Notes and Editorial Reviews
Evelino Pidò, cond, Anna Netrebko (
); Elina Garan?a (
); Ildebrando d’Arcangelo (
); Francesco Meli (
); Dan Paul Dumitrescu (
); Elisabeth Kulman (
class="ARIAL12">); Peter Jelosits (
); Vienna St Op Cho & O
DEUTSCHE GRAMMOPHON B0016203-09 (2 DVDs: 194:00) Live: Vienna 04/2011
Donizetti’s British dramas do get bad press. Long, historically laughable vehicles for the obligatory mad scene, they do need a star to stop an (at least British) audience from giggling. A camp classic is
Emilia di Liverpool
(Donizetti had never been there, and consequently set that industrial shipping hub among mountains), and is for the British as preposterous as finding a
Rosalinda di Detroit
. At the other end of the scale there is Donizetti’s first real hit, the 1833
, and it really isn’t that bad a version of English history, mad scene apart; certainly it is far more accurate than HBO’s
. Felice Romani’s libretto is simple and to the point. Rumors circulate that King Henry VIII wishes to replace his wife, Anne Boleyn, with his new lover, Jane Seymour, Boleyn’s friend and confidante. The return of Boleyn’s former suitor, Percy, organized by her brother Rochford, and the infatuation of her pageboy, Smeaton, give Henry perfect grounds to accuse Anne of infidelity. She is executed, along with Percy, Rochford, and poor, lovestruck Smeaton. Donizetti takes more than three hours to convey this, but it is hard to deny the glorious quality of the copious sequences of long arias and cabalettas and sprawling ensembles, even if most of the second act consists of the chorus talking about how mad Anna is, before letting the audience judge for ourselves in her mad scene.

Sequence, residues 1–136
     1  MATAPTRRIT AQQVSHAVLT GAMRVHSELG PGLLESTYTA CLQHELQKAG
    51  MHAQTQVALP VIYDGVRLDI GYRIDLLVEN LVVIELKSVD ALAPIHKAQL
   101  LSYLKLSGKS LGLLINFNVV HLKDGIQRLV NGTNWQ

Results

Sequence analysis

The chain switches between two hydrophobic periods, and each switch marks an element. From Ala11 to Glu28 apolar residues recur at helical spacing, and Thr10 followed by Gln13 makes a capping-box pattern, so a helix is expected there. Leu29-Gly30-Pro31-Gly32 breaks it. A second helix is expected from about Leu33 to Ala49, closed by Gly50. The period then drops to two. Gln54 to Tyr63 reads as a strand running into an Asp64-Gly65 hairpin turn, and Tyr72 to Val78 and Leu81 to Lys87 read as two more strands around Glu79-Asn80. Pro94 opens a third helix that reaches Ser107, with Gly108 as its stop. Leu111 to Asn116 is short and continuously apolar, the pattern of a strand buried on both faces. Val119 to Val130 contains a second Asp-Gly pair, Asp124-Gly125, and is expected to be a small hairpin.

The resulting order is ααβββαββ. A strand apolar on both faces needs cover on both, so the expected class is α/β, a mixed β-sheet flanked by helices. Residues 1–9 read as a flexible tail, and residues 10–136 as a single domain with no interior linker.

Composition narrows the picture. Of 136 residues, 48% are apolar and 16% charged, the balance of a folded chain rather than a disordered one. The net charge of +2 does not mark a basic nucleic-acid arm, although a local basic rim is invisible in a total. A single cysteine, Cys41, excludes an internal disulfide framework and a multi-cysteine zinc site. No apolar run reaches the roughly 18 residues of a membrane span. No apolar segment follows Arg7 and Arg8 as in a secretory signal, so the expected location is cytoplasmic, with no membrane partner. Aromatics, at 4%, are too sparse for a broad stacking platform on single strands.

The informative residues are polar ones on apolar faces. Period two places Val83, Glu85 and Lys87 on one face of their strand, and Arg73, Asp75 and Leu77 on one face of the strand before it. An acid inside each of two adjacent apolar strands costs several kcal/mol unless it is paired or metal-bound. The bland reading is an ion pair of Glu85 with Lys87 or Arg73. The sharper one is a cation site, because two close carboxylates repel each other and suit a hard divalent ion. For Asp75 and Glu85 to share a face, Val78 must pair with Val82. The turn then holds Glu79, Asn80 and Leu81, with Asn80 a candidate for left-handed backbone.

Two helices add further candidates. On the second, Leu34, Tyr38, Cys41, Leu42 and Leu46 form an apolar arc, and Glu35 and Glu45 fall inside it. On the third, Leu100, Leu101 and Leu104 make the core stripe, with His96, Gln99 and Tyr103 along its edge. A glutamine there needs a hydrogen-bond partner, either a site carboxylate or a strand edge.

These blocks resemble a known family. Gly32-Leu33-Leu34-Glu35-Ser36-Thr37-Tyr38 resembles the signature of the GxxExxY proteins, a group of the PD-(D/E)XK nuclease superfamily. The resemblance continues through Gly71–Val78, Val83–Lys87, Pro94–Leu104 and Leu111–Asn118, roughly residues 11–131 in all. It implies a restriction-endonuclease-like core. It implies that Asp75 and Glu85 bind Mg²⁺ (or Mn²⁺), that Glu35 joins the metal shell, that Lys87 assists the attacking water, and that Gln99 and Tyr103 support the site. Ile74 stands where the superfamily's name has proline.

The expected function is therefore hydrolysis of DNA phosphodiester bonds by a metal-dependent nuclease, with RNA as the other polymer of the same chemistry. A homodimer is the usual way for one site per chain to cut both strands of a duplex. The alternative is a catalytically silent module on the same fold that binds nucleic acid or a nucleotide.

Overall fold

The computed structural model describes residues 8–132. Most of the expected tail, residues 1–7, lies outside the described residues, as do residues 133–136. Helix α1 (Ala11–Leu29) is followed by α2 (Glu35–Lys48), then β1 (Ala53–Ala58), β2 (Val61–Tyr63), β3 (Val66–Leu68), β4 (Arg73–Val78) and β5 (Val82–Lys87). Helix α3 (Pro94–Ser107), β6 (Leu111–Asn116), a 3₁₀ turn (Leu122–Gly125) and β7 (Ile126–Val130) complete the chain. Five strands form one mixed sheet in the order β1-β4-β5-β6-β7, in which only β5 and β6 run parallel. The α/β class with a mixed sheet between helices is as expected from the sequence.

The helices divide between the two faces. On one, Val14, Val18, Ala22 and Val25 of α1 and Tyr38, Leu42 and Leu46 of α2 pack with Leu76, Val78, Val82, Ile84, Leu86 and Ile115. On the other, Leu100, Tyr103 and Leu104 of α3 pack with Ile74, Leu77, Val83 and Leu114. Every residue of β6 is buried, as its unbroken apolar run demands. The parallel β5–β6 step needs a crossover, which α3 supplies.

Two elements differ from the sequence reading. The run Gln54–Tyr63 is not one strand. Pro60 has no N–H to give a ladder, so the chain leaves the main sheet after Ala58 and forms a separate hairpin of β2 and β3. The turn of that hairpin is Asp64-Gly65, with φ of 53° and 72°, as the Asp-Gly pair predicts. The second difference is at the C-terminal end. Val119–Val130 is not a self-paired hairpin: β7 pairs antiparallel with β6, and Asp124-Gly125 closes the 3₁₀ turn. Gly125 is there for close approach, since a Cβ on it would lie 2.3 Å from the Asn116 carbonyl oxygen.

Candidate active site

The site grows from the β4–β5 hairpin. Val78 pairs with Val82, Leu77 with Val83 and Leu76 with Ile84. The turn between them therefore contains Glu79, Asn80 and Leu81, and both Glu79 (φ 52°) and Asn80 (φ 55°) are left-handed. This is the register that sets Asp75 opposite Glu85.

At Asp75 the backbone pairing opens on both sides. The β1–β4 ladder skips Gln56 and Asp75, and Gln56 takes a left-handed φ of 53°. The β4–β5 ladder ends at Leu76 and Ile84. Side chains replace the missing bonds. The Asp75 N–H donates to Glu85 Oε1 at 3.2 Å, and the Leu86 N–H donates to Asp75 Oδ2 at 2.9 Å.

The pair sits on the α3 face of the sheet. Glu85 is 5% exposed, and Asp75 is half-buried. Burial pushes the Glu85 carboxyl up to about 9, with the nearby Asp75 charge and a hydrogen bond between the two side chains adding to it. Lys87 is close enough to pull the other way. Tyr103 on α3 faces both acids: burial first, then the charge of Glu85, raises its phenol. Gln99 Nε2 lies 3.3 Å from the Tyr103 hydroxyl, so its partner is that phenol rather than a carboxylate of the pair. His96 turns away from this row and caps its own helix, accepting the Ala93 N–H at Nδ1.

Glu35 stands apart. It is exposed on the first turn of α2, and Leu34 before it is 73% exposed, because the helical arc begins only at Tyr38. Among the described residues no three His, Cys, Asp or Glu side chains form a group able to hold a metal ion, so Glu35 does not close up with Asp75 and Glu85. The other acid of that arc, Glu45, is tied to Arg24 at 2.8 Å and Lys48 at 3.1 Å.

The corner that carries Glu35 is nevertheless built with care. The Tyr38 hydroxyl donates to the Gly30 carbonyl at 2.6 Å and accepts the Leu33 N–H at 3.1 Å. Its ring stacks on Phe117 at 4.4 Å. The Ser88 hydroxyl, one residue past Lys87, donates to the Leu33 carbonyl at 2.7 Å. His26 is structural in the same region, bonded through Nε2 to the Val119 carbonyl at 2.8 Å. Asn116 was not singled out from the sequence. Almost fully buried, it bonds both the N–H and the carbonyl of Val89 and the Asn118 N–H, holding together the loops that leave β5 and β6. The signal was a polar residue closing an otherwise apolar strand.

Since Maria Callas’s heavily cut version in 1957, this opera is no longer the obscurity it used to be, but stagings are still rare. It is overlong, with few of the principals off the stage for any amount of time, and, as many a Golden Age collector bemoans, where are today’s
superstars? Deutsche Grammophon, the Met, and more recently the Vienna Staatsoper are placing their bets on Anna Netrebko. An inconsistently brilliant all-around package, Netrebko hasn’t always convinced me in
, much of it sounding hastily learned, with a rather approximate way with coloratura. But maybe because
has those long, lyrical passages, I am rather impressed with her debut in the role, recorded this year.
What is notable on this DVD is how big her sound has become. Post baby, she has vocally (and physically) filled out, expanding that dark, opaque timbre of hers. She floats some pretty phenomenal
notes, and is happy to go up an octave from what’s written at the end of ensembles. I still don’t think her runs are anything to shout about, but she has better diction than Joan Sutherland, and cuts a pretty, carnal, and tempestuous figure on stage, if not entirely immune from stock gestures, like an outstretched arm in moments of anger. She is still every inch the glamorpuss in Luisa Spinatelli’s lavish, fabulous costumes (with prison no barrier to Anna wearing a very glam, shiny, purple number). The production, shockingly for Vienna, is utterly faithful and traditional; not an Armani suit, line of coke, or scene of choral group buggery is to be seen. Sets are minimalist, with real focus on costume design, giving Eric Génovèse’s production room to focus on character. Not that he doesn’t sometimes fall into the usual pitfalls of Donizetti dramas, not knowing quite what to do with people during those long orchestral passages. The first meeting between Anna and her brother is particularly botched, and generally all the chorus is allowed to do is move around in picturesque blocks.